Apples May Hold the Key to Anti-Aging. {April Fools’ edition}

Via elephant journal
on Apr 1, 2013
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We’ve all heard the expression, “an apple a day keeps the doctor away,” but it gets better.

Scientists at the Food Research Institute in Prague have discovered a molecule in apple leaves that may reduce and possibly even reverse common signs of aging, including age spots and perhaps even wrinkles.

Recent experiments studying the “varietal characteristics of apples from viewpoint of allergen presence” have, according to an anonymous source, delivered more information than originally expected. On condition of anonymity, this source spoke recently with London Evening Standard about the accidental discovery.

The source claims that researchers studying several varieties of apples noted that exposure to the leaves of MacIntosh apple trees had benefits to their skin—they noted that frequent handling of the apple leaves began to erase age spots on their hands over the course of several months.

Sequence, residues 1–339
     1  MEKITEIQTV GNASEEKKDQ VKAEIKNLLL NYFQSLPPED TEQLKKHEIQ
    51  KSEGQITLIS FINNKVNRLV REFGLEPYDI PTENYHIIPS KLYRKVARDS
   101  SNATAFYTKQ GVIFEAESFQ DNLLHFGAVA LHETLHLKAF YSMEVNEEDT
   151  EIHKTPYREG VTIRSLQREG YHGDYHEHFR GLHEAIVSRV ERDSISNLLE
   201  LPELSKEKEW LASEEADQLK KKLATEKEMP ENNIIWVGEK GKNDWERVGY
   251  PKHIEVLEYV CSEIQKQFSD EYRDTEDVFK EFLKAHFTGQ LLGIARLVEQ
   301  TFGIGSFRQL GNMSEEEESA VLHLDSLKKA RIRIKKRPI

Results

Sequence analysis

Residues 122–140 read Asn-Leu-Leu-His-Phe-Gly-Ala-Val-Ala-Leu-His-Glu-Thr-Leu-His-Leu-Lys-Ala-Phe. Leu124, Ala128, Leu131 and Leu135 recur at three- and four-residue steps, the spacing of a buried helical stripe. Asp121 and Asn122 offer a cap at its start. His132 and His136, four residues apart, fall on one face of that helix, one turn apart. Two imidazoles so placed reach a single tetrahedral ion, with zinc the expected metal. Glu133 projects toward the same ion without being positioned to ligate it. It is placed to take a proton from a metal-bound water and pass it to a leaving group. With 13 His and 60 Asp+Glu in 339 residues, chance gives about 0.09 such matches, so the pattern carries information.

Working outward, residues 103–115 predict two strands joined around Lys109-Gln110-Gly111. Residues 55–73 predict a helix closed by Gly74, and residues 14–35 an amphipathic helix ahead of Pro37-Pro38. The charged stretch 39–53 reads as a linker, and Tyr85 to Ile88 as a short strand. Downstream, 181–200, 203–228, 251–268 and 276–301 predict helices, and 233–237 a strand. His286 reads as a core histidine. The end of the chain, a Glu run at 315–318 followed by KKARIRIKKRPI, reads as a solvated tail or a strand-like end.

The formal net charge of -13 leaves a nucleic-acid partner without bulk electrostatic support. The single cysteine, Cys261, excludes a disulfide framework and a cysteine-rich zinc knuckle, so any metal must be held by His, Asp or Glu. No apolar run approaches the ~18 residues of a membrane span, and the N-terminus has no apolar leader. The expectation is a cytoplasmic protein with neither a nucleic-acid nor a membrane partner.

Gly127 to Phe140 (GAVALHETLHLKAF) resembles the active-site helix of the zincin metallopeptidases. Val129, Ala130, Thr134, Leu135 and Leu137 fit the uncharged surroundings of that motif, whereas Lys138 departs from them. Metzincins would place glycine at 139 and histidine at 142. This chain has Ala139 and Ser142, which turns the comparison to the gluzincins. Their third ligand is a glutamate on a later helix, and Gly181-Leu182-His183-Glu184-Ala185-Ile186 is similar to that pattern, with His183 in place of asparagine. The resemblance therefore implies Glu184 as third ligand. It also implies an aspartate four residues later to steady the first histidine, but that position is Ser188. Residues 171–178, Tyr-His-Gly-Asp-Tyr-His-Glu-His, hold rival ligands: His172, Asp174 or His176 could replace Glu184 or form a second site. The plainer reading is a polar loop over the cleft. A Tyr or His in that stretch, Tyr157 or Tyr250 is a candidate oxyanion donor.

This accidental discovery has lead to further testing of the molecular properties of the leaves to determine whether human consumption, either as a food additive or steeped in tea, may aid in targeting other signs of aging.

“We are optimistic that biomedical production of apple leaves could begin as early as 2014, assuming further testing supports our existing theorem.”

~ Anonymous

Scientists caution that there may be detrimental side-effects from consumption of apple leaves; they advise the public that further study is being conducted and results are expected within six to nine months.

So, in the meantime—why not reach for that apple, just in case?

Happy April Fool’s Day!

Terri TremblettTerri Tremblett is a freelance writer and editor who also works in finance and dabbles in various artistic pursuits. She is equally at home walking the beach or digging in the dirt but has not yet mastered the art of walking by a book store without going in. Her education did not end when she finished university, as her life regularly proves.

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Ed: Bryonie Wise


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